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Fears grow about China 'earthquake lakes' sta -

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ELEANOR HALL: Two large aftershocks which have hit China's quake-affected areas overnight, have
raised fears about the stability of several massive "earthquake lakes" which threaten millions of
people if they break their banks.

The overnight tremors destroyed more than 420,000 homes and injured more than 60 people.

There have been no more reported casualties since the initial earthquake on May the 12th which
officials say killed more than 67,000 people.

But along with trying to head off the threat of a disease outbreak, China's military is working
around the clock to secure dozens of dams created by the earthquake, some of which are rising by
two meters a day, as Tanya Nolan reports.

TANYA NOLAN: A woman trudges up a steep path with a television strapped to her back. This is what
she could salvage after the massive earthquake destroyed her house and along with it, her village.

(Sound of a mountain crumbling)

The ominous sounds of a mountain slowly crumbling, follow her to her new home, a tent, on the other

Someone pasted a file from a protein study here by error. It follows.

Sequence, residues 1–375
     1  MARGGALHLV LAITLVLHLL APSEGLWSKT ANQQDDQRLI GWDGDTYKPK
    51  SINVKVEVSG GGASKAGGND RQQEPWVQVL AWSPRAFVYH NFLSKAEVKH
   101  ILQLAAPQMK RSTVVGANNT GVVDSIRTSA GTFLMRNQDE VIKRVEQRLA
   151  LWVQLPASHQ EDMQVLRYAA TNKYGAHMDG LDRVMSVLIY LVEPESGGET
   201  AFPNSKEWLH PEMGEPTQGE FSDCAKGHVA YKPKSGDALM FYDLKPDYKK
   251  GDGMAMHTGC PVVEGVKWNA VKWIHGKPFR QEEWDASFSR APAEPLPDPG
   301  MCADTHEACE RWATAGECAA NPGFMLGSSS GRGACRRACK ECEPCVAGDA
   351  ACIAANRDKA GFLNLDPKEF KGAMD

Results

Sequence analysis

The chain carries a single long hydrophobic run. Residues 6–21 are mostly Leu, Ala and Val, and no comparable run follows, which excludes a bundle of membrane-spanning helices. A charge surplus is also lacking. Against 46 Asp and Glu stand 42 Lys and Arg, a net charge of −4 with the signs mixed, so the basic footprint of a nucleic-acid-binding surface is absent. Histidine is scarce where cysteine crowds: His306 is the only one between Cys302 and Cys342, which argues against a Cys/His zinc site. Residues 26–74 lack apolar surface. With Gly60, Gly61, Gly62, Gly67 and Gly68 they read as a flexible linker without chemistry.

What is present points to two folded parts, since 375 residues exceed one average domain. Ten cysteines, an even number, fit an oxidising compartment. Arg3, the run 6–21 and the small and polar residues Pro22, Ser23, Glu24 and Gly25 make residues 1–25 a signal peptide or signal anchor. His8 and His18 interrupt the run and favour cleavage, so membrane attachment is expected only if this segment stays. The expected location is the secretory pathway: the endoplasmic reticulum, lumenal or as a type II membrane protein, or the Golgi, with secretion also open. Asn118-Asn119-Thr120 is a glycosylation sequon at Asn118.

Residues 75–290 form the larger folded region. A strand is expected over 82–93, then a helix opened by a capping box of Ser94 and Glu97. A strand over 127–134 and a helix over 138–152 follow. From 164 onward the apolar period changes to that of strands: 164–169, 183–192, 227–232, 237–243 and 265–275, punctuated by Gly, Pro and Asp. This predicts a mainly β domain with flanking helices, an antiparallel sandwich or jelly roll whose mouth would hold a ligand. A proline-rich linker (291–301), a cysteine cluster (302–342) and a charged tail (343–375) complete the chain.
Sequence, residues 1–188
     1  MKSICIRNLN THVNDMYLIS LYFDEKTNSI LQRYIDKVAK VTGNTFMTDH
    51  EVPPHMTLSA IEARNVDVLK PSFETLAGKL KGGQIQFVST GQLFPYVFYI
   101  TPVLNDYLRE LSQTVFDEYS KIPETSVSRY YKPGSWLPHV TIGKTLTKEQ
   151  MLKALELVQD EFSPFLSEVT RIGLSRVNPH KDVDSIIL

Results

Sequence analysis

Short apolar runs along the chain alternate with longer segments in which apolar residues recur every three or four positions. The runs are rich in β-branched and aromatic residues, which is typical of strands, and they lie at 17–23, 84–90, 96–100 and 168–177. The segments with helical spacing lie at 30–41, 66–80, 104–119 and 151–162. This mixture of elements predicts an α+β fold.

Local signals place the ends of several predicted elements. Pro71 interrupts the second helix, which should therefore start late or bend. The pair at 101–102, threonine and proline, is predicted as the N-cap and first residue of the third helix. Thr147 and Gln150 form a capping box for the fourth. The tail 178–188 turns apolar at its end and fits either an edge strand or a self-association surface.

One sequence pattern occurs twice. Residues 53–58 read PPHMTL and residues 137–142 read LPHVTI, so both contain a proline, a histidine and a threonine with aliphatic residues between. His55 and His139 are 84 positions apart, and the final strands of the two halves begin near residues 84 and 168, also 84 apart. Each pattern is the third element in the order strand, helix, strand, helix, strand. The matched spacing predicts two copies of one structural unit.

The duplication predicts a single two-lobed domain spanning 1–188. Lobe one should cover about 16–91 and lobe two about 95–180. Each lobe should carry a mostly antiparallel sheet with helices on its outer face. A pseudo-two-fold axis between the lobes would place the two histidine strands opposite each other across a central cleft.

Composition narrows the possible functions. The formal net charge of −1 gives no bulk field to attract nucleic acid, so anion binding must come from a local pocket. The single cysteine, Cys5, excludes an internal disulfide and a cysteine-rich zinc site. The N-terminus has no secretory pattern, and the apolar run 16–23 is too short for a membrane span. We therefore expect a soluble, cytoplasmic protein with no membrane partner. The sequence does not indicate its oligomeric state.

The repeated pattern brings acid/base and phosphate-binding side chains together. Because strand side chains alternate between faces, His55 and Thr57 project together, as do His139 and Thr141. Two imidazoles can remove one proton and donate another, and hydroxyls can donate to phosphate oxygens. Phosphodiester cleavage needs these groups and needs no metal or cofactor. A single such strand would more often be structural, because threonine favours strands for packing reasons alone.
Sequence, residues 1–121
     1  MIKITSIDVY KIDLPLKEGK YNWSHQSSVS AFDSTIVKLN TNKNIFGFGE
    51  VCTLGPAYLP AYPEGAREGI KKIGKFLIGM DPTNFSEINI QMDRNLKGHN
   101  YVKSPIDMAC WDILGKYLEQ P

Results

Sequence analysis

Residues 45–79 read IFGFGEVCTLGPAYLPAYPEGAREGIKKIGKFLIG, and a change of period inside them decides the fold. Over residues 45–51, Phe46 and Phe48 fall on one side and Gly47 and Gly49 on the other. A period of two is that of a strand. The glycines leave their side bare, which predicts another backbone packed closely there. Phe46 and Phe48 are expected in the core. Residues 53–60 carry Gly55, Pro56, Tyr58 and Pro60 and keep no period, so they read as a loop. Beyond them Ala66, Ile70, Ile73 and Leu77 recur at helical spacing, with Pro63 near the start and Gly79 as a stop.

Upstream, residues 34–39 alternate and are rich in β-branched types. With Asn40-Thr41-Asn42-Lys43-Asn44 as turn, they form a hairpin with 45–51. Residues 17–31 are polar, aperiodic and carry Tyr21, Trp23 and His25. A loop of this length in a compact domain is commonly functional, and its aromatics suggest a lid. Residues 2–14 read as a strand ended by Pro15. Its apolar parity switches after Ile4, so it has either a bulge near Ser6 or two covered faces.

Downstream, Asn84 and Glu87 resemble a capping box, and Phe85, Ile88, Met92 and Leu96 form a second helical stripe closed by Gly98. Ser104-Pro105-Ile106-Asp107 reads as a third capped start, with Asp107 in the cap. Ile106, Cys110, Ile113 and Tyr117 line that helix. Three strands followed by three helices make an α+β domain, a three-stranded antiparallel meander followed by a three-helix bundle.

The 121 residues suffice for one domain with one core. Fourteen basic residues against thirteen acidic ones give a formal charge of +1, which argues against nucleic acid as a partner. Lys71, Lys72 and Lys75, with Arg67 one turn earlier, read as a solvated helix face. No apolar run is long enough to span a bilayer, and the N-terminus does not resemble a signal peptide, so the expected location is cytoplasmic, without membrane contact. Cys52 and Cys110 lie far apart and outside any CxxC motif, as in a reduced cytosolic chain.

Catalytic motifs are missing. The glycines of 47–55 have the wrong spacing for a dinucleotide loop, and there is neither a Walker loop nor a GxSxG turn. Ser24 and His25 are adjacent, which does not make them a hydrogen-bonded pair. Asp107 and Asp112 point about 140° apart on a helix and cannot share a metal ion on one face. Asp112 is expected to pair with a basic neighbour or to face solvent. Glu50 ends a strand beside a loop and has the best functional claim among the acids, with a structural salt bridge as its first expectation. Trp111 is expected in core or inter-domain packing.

side of the valley.

EARTHQUAKE VICTIM (translated): It's not possible to live there anymore, no way, the bottom of our
house has fallen away. We can't stay there anymore so we've moved.

TANYA NOLAN: A new lake has formed in this valley in Beichuan county. It's one of 35 created after
the earthquake struck two weeks ago, and some of them are rising to dangerously high levels.

A man watches Chinese soldiers working busily to ease pressure on one of these new lake's that's
formed on the Chaping River. It submerged his village and locals say it's been rising by more than
two meters a day.

BEICHUAN RESIDENT (translated): Before the earthquake the mountains were not like this at all, it
was only this mountain on this side and that one on that side. Now the quakes have pushed them to
meet each other, so the river is blocked.

TANYA NOLAN: But most of the work is centred around the fragile Tangjiashan "barrier lake" in
northern Sichuan province, formed after the Jianjiang River burst its banks, blocked by landslides.
A giant channel has been built and explosives are being used to help ease pressure on its banks.

More than 100,000 people have been evacuated from surrounding villages and officials say millions
more are at risk if the lake overflows. The safe areas around these mountains are running out.

SICHUAN PROVINCE RESIDENT (translated): We've been told that this is the safest place for us to
stay if one third of the water spills over the dam. But we will have to move further uphill if the
situation turns out to be worse.

TANYA NOLAN: Officials have another problem to keep at bay. Thousands of health workers have been
sent to the affected province to disinfect areas and stockpile vaccines for diseases such as
cholera and rabies.

The weather is working against them on both fronts, with forecasts for warmer temperatures and
thunderstorms. And it means reconstruction work cannot begin for sometime yet.

ELEANOR HALL: Tanya Nolan reporting.